At Union Hand-Roasted Coffee our mission is to hunt for fantastic coffees. We do this through Union Direct Trade, which means that we work directly with farmer and producer organizations, often through co-operatives of coffee farmers who work together to share facilities, achieve better trading terms and obtain access to vital credit facilities.  For example, in Costa Rica, the establishment of micromills and taking responsibility for processing to improve quality, means that producers are directly in control of their coffee which gives them access to markets without relying on Coyotes (middlemen) to buy their coffee. Pascale visited the Puente Tarrazú micromill in the Los Santos region of Costa Rica which is famous for its excellent cup quality – something that they’ve worked very hard to protect.

Visiting our producers in Costa Rica


In Costa Rica producers always used to sell the red cherries to intermediaries or large buyers such as Volcafe. Producers had to accept the price they were offered and had no power to influence this because they had no other market access. They were frustrated that the extra work to produce their correctly picked, high altitude coffee was mixed with lower quality coffee also purchased by some of those companies. With the beneficio humedo, or micro mill revolution, this has changed.

A micro mill can be described as a small factory where coffee cherries are processed into parchment coffee. The micro mill allows producers to  process separate micro lots. In doing this, they can

  • achieve higher quality, consistently
  • add value to their coffee
  • negotiate better prices.

Now coffee from Puente Tarrazú does not end up at the bulk market mixed with low quality annonymous coffee, but is sold to roasters retaining the identity of the finca.  

This is the stunning view from the terraces of the San Jeronimo Micro Mill, about an hour from Buenos Aires in the Perez Zeledon region near the Chirripo volcano where Pascale visited in July and September.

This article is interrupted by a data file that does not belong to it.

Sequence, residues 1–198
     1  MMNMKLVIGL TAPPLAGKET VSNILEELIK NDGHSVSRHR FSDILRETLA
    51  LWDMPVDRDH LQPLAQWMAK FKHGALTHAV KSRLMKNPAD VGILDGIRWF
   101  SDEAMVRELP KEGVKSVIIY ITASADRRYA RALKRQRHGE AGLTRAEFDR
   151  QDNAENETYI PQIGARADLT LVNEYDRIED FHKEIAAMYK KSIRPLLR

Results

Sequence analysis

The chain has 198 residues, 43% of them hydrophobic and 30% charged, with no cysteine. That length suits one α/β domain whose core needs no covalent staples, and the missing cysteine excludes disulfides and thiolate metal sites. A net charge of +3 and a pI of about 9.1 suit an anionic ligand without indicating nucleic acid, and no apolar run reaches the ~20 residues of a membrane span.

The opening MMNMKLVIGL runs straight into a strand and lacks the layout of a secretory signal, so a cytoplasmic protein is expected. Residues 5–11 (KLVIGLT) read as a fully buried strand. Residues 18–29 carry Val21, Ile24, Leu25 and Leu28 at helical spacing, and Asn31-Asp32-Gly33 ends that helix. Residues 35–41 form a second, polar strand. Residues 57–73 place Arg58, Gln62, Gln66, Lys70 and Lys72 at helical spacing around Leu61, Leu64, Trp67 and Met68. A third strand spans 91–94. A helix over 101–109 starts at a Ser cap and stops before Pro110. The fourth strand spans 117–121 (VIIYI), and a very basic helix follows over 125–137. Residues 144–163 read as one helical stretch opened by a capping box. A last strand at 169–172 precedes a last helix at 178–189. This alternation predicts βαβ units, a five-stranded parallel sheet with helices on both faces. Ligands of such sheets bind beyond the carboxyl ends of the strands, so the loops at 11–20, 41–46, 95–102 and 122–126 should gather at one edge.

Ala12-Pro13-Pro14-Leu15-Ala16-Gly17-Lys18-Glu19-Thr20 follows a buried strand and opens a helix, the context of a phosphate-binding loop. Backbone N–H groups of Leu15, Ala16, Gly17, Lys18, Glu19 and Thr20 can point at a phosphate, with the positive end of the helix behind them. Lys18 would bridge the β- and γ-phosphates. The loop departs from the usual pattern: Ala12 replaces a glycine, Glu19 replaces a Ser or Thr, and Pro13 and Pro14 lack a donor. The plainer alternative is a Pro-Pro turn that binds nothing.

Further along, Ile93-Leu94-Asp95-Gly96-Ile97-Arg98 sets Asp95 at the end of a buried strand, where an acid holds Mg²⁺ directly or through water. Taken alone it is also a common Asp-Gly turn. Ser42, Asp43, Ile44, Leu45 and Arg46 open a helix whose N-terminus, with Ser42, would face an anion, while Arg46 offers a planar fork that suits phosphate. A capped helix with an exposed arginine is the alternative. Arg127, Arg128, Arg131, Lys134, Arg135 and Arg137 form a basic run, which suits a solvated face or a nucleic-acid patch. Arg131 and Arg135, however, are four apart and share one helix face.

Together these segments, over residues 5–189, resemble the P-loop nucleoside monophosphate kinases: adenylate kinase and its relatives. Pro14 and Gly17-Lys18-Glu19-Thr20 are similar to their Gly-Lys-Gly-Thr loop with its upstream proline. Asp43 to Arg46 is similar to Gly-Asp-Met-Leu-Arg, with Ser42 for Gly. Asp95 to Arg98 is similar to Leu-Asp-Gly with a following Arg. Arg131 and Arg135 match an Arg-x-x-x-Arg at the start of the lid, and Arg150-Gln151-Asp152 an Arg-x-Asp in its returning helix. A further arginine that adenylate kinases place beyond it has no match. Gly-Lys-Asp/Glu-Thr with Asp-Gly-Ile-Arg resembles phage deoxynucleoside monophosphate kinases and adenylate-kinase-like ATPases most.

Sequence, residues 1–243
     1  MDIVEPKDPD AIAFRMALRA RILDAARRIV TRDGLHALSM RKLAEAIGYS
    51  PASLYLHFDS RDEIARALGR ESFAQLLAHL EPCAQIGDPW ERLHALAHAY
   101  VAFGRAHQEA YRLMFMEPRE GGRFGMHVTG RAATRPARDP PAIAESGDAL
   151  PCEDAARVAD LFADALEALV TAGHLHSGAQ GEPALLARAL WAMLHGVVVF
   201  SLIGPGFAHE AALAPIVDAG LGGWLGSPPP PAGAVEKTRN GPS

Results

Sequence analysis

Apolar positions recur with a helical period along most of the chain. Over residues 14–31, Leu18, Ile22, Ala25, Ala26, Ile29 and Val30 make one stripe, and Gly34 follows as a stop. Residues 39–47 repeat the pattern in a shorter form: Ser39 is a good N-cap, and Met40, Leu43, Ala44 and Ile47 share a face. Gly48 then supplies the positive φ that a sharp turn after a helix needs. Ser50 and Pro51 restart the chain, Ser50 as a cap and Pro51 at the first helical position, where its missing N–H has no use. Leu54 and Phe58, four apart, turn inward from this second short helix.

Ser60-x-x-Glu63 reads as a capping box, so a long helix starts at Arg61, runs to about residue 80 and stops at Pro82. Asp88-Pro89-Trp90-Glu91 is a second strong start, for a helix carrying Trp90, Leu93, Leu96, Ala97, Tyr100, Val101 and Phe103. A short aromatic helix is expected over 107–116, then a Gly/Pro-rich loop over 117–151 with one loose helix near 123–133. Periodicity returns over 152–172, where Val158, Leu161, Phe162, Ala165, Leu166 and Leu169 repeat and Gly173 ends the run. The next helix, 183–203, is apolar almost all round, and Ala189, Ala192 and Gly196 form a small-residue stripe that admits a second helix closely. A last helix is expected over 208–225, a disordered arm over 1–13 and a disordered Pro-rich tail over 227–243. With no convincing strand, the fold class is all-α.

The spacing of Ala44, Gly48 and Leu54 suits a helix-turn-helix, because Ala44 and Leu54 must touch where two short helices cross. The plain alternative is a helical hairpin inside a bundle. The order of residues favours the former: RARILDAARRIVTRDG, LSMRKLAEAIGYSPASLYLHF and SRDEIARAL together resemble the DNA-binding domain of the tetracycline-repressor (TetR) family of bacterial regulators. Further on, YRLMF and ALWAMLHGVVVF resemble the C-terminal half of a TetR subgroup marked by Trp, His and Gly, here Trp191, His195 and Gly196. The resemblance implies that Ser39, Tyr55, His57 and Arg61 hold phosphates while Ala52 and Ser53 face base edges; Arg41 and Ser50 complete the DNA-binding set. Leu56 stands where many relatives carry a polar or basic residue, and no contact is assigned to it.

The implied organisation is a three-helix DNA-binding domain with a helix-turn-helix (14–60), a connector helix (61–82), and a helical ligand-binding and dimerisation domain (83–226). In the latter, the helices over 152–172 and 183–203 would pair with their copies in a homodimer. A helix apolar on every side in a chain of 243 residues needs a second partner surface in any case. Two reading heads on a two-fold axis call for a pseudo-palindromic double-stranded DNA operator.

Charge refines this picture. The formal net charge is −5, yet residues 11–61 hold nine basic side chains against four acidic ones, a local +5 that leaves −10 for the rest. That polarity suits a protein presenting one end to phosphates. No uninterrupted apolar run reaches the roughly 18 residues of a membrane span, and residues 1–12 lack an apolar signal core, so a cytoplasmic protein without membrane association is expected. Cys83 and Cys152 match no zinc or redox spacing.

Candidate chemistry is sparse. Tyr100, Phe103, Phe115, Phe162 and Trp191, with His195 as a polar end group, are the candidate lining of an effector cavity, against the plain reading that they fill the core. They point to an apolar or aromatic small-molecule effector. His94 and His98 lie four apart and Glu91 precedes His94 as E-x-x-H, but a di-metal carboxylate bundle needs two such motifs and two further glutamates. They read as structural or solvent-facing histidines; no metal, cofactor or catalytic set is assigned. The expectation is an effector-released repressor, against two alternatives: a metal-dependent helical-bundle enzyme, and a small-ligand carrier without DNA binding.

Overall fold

These producers cultivate Bourbon, Caturra, Catuai, and Tipica. The collection of the fruits takes place between August and December and the coffee is fully washed during processing.

Seven associates funded and constructed the mill, but each year another 30-50 producers used to deliver their coffee to the mill for processing.  This volume led to problems – some producers received a credit for the complete harvest then delivered only a minor part of their production to the mill, or refused to comply with the mill’s strict quality restrictions.

Last year the management of the mill decided that they want long-term and trusted relationships with the producers that bring coffee to them and so interviewed all the producers and vastly reduced the number to a more manageable number of about 20 producers.

Why are micromills good for coffee growers?

As well as ensuring the quality of the coffee, it’s very important for the micromill cooperatives to protect the growers and their incomes as the coffee market has been volatile in the past two decades. Union Hand Roasted Coffee enters into long-term agreements with a floor price guarantee and in many cases, pre-financing arranged with micro-credit agencies which we underwrite. Cashflow is crucial to ensure that the producers can live during the season, plan ahead for buying fertilizer, and afford to pay labour costs during the picking season. We want to protect the producers’s livelihoods as well as our access to their coffee. Pascale found out why this is so important from the Puente Tarrazú producers:

As they explain, around the millennium, many producers abandoned their coffee farm, as prices fell to ₡25.000/$50,- colones per faneja. Coffee became a non-profit making business, as prices did not even cover production costs. It was almost impossible to invest in coffee since no banks were willing to finance coffee related projects.

The crisis affected the region, some people lost their houses or their land and the vast majority took less care of their farms. Some neighbours decided to partially or completely retreat from coffee, but this group decided to fight for better coffee prices and set up a micromill to cultivate and process Caturra, Bourbon and Tipica. 

Working with producer associations helps us to secure the best coffee, and gives them the best prices as well as long term security. We also get to work with producers who are passionate about coffee, and discover new experimental coffees (which we often offer as special microlots) that are a privilege to sample.